• Recommended that companies looking to send personal data from Germany to the U.S. consult two existing resolutions issued in March 2014 (regarding human rights in the electronic communications sector) and October 2014 (on cloud computing).

In contrast to the German DPAs’ position, in mid-November the French data protection authority (the “CNIL”) issued advice and a set of FAQs regarding valid bases for personal data transfers from France to the U.S. post-Schrems. In its guidance, the CNIL indicated that SCCs could be used in place of the invalidated Safe Harbor Framework until a replacement mechanism has been established. Specifically, the CNIL stated that SCCs were a preferable alternative to the use of BCRs given the time and effort required to develop and implement BCRs. The FAQs also state that, although signed SCCs need not be sent to the CNIL, it is incumbent upon organizations to maintain a copy of the SCCs that can be made available to the CNIL. 

Separately, the Spanish data protection authority (the “AEPD”) sent letters in early November to companies that had previously registered data transfers to the U.S. pursuant to the Safe Harbor Framework. The letters (1) informed the companies that the Safe Harbor Framework was no longer valid and thus they needed to make alternate arrangements for their data transfers; and (2) ordered the companies to report back to the AEPD by the end of January 2016 with information regarding the data transfer mechanism(s) the company had implemented to replace the Safe Harbor Framework. The AEPD’s letter further stated that SCCs may be used, but they must be authorized by the AEPD, and it warned that enforcement actions resulting in fines and/or injunctions preventing data transfers may result if the companies do not provide the relevant information.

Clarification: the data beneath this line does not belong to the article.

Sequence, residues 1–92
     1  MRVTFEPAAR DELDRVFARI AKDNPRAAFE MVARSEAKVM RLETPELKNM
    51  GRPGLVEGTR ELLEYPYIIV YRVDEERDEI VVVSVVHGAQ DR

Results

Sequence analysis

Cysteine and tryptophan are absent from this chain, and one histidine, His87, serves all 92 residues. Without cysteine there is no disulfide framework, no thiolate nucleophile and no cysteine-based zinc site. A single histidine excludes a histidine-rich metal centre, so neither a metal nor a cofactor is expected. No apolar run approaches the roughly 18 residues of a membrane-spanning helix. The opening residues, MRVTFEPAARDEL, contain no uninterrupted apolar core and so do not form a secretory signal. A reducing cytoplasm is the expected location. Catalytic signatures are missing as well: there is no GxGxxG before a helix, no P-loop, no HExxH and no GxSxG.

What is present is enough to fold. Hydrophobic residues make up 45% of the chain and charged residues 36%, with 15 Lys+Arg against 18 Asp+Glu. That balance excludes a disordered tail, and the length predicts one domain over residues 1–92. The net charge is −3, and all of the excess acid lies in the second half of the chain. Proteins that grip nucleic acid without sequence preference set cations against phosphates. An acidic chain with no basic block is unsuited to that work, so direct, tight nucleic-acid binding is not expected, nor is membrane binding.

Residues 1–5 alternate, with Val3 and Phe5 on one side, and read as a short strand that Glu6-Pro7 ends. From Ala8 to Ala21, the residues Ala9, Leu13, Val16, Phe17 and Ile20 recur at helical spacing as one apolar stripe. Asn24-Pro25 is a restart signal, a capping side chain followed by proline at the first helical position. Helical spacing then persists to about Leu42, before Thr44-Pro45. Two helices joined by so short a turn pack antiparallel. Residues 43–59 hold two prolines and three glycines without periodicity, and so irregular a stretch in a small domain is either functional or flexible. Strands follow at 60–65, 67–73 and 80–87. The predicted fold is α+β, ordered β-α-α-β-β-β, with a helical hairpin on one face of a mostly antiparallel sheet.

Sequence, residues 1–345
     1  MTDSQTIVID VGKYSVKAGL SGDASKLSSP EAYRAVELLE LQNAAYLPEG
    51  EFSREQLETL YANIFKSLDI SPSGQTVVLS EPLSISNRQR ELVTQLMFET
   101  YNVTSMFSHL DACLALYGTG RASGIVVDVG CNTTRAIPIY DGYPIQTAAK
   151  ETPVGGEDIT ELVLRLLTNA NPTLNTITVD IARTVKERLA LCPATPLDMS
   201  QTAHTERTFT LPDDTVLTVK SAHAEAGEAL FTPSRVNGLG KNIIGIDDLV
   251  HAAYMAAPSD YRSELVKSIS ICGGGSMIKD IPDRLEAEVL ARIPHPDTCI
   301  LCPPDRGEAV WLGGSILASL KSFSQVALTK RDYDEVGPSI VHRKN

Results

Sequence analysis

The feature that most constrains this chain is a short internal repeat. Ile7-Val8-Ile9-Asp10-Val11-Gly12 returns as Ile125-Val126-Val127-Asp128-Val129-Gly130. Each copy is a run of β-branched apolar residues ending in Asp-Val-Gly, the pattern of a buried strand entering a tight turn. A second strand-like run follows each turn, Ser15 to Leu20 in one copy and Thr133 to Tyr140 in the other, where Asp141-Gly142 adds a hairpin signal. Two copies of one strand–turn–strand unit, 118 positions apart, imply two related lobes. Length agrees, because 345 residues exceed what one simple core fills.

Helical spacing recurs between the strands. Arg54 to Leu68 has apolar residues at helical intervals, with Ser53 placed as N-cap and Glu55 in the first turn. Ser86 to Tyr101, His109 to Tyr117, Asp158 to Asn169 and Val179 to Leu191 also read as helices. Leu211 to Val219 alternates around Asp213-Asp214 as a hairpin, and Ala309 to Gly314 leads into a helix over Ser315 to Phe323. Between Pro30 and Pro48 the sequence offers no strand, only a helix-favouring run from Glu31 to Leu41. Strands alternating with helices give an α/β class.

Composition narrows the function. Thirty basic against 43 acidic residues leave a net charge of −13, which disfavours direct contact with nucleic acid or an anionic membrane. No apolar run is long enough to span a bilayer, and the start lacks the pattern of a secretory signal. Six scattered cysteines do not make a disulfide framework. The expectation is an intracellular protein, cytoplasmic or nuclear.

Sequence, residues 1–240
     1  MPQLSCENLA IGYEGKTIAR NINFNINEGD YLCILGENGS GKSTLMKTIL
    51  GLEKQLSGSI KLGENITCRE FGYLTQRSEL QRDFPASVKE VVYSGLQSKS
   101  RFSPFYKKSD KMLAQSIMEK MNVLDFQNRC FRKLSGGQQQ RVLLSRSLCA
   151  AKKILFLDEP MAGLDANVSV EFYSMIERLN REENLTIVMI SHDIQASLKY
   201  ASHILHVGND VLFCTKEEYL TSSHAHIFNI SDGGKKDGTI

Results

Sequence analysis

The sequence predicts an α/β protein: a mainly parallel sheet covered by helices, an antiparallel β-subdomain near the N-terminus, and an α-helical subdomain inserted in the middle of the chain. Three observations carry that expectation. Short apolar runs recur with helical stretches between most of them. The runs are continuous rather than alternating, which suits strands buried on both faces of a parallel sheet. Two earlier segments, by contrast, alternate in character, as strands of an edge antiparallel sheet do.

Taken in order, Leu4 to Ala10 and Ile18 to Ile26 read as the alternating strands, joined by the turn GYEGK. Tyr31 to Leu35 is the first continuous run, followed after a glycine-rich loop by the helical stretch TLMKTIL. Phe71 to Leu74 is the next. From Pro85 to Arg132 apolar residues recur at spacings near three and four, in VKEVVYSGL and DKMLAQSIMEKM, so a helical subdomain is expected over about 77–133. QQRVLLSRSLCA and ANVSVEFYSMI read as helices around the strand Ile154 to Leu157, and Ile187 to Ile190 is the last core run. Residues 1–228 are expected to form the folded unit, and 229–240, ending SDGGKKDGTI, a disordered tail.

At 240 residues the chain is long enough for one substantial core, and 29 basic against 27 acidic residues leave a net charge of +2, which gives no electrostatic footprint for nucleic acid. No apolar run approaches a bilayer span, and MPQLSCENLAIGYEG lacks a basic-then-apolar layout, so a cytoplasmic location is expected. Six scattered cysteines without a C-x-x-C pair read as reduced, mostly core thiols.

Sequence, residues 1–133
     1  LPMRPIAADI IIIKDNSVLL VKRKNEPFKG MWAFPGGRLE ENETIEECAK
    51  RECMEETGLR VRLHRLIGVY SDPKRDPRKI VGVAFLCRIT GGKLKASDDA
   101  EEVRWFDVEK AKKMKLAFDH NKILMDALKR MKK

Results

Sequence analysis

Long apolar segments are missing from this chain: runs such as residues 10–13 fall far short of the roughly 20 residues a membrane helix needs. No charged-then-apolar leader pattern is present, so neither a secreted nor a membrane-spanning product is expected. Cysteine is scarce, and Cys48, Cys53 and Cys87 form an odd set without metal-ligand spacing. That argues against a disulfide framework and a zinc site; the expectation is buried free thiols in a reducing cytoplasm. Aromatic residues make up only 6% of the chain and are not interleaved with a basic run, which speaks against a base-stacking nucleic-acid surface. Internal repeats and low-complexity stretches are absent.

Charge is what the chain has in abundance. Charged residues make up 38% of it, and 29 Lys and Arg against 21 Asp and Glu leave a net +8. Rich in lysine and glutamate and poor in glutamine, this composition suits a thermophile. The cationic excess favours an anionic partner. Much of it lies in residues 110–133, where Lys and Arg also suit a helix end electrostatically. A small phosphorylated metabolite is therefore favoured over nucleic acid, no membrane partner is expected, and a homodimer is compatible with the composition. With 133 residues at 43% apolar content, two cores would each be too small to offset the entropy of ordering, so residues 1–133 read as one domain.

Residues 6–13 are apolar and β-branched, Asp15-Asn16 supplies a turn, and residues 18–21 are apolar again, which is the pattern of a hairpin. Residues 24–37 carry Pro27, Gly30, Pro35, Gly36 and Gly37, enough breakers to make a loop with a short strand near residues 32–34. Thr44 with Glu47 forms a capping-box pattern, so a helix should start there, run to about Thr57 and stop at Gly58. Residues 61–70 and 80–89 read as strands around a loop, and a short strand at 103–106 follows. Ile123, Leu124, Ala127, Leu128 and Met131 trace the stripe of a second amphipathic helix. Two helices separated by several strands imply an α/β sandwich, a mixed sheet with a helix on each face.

Going Forward

Although it is beginning to seem unlikely that a suitable, permanent replacement for the Safe Harbor Framework will be secured before the unofficial January 31, 2016 deadline set by the Article 29 Working Party, there is optimism on both sides of the Atlantic that a negotiated solution is possible. That said, debates concerning intelligence gathering for law enforcement purposes following the November 2015 terrorist attacks in Paris, as well as the December 17 release of the final draft of the revised EU General Data Protection Regulation, have added to an already complicated legal landscape. For multinationals doing business across the pond, 2016 promises to be an eventful and challenging year for compliance.


Melinda McLellanCounsel in the New York office of